In Slaughterhouse-Five, explain the significance of Billy Pilgrim's becoming unstuck in time.

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Slaughterhouse-Five is a largely anti-war text showing not only the terrible physical destruction that war can bring, as in the firebombing of Dresden, but also the psychological trauma that a soldier endures long after he has returned home. Vonnegut provides the reader with an illustration of one manifestation of post-traumatic...

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Slaughterhouse-Five is a largely anti-war text showing not only the terrible physical destruction that war can bring, as in the firebombing of Dresden, but also the psychological trauma that a soldier endures long after he has returned home. Vonnegut provides the reader with an illustration of one manifestation of post-traumatic stress disorder through the novel’s protagonist. Though Billy Pilgrim survived the war, he is doomed to relive his experiences even after he attempts to get on with his life by establishing a career, getting married, and starting a family. The fact that Billy Pilgrim becomes “unstuck in time” is a plot device that serves to contrast the stark differences in Pilgrim’s mundane civilian life as an optometrist, husband, and father with the confusing and painful experience of life as a soldier and prisoner of war. It also illustrates Pilgrim’s difficulty in moving on and accepting this new life, as his mind continues to wander into the past, thereby mixing the events of the war with the moments of the present. Pilgrim’s trauma even leads him to fabricate new experiences, as illustrated by his alien abduction and the montage of wishful thinking in which he imagines the bombs getting sucked back into the planes that dropped them and being returned home to become disassembled.

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Slaughterhouse-Five was written in 1969, long before the discovery of  PTSD [post-traumatic stress disorder],. Billy Pilgrim's frequent flashbacks, however, in part show us the experience of a solider, who suffered traumatic experiences and is reliving them.

The OED defines this experience as:

a condition which can develop following exposure to an extremely stressful situation or series of events outside the usual range of human experience, which may manifest itself in recurrent nightmares or intrusive vivid memories and flashbacks of the traumatic event, and in withdrawal, sleep disturbance, and other symptoms associated with prolonged stress or anxiety.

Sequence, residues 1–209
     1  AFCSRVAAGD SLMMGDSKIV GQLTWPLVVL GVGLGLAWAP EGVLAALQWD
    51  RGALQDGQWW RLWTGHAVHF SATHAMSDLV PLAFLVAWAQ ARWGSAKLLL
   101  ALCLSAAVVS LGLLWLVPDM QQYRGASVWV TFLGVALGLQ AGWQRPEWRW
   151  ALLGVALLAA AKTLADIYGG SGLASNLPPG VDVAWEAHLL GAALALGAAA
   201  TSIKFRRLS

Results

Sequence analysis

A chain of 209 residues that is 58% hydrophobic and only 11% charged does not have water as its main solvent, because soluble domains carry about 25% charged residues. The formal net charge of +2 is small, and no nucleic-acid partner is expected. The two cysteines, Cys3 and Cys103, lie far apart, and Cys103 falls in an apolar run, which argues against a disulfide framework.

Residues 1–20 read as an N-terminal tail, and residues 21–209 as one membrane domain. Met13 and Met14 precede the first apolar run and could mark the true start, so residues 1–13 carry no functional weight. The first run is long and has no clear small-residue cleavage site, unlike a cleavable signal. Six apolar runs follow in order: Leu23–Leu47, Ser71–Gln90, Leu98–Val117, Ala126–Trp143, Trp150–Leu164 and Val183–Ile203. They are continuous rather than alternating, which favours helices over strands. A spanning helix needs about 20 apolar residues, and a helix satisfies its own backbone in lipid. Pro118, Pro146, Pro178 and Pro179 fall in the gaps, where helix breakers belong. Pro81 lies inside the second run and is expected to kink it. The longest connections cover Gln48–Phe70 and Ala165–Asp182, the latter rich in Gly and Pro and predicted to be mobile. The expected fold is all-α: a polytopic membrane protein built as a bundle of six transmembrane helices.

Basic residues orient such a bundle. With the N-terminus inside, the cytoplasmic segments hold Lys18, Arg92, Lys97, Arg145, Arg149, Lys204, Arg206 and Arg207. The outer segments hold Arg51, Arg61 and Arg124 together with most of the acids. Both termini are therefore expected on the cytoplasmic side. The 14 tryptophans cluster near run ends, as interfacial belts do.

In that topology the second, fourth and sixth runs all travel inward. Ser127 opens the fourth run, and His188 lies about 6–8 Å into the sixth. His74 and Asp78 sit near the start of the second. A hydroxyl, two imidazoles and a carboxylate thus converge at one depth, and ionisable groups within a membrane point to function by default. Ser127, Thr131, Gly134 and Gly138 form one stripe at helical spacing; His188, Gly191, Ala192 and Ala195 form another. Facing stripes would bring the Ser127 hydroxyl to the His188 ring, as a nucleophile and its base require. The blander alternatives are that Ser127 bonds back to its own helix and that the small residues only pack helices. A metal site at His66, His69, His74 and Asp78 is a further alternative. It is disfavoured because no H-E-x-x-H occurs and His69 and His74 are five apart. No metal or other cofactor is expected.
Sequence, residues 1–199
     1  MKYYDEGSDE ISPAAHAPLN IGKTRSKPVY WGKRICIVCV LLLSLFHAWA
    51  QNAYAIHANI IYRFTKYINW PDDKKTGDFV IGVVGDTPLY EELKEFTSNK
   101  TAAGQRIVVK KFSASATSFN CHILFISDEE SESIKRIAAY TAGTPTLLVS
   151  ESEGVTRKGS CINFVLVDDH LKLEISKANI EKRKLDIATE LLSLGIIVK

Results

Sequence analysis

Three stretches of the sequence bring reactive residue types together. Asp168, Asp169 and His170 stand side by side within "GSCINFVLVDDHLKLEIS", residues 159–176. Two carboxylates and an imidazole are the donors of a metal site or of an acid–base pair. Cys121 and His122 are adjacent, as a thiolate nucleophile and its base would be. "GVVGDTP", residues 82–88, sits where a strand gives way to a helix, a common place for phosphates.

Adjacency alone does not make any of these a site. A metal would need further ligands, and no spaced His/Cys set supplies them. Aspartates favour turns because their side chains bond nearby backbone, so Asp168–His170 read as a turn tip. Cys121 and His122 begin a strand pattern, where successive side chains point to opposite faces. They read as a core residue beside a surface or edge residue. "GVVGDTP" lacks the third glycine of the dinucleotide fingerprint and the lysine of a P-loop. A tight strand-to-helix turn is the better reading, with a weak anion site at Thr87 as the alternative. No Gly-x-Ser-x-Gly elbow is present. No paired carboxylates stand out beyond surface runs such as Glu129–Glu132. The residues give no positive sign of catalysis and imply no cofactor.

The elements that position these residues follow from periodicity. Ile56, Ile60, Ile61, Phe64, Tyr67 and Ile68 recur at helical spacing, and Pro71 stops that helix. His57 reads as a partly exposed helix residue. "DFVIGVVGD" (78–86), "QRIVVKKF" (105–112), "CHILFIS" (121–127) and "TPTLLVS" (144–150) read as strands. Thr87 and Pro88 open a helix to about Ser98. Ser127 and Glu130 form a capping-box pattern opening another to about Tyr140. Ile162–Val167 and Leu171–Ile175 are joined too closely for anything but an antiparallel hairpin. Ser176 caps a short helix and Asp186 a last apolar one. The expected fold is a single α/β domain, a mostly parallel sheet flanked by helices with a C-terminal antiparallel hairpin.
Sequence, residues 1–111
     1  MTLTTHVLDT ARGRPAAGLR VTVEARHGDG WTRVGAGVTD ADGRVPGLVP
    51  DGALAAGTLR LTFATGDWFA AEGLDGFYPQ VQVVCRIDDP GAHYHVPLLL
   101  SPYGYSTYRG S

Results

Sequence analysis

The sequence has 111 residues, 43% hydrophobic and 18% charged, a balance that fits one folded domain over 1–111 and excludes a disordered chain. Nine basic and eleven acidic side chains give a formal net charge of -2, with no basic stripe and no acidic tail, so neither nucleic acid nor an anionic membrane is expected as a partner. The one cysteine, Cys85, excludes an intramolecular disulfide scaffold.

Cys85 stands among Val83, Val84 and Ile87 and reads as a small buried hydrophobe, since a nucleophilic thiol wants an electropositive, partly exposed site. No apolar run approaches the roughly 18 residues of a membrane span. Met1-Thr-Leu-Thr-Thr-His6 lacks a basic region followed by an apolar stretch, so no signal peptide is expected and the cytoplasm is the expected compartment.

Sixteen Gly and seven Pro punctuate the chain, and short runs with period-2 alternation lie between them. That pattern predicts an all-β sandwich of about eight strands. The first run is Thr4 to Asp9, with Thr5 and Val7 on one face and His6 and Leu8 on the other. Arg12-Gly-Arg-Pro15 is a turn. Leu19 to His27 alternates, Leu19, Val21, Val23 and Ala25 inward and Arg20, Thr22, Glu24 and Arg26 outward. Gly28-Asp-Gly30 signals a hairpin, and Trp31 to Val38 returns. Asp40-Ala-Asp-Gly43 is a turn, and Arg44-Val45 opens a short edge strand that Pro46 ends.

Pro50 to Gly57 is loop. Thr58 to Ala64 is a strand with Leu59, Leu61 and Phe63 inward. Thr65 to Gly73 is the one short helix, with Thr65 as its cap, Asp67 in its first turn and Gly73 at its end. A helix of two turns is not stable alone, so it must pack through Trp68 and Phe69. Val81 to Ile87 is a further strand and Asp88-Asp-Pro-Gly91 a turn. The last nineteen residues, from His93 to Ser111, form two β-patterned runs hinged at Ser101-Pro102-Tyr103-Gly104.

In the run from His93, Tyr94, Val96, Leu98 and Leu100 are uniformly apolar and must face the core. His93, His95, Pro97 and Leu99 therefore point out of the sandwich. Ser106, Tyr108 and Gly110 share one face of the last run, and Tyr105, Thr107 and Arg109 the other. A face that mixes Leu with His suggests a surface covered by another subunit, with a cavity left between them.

In accordance with a treatment goal of replacing traumatic memories with mundane ones, Billy Pilgrim's recounting of his war experiences is linear. Rather than flashing back to traumatic memories, he flashes backwards and forwards to events in his childhood and events in the future.

Other evidence of this goal is to be seen in the video Billy Pilgrim plays backwards to show bullets and shells being sucked out of airplanes that have been shot, bombers sucking up bombs, bullets flying out of the breasts of the wounded, and guns dissolving back into their mineral components (93).

Such a philosophy is not inconsistent with the slogan 'and so it goes.' Vonnegut does  not wish to deny the wrongs of the past. He is merely seeking to alleviate the trauma of PTSD by placing traumatic moments in the context of his everyday experiences.

 

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In Slaughterhouse-Five, Billy's becoming unstuck in time, first of all, serves the purpose of allowing Vonnegut to continually revisit the two main events in the novel:  Billy's time as a prisoner of war during which he witnesses the allied bombing of Dresden, and Billy's abduction by the Tralfamadorians.

Billy's being unstuck in time also underscores the theme of alienation and isolation in the novel.  Billy is not in any one place long enough to have the kind of experiences and develop the kind of relationships humans need.  His time travel emphasizes Billy's disconnectedness, which, of course, is the result of his war experiences. 

Most importantly, perhaps, Billy's being unstuck in time echoes the Tralfamadorian "worldview," if you will.  The problem with humans, according to the Tralfamadorians, is that we see only the present.  Implied, if not directly stated, is the fact that we too often do not consider the consequences of our actions.  We do not see the big picture.  Billy's time travel reveals the big picture, the consequences of human behavior.  I say "most importantly," because the novel is very much an anti-war work, and the allies not considering the consequences of bombing a city inhabited mostly by civilians is the center of the work.  The allied bombing of Dresden is the most important target of Vonnegut's satire

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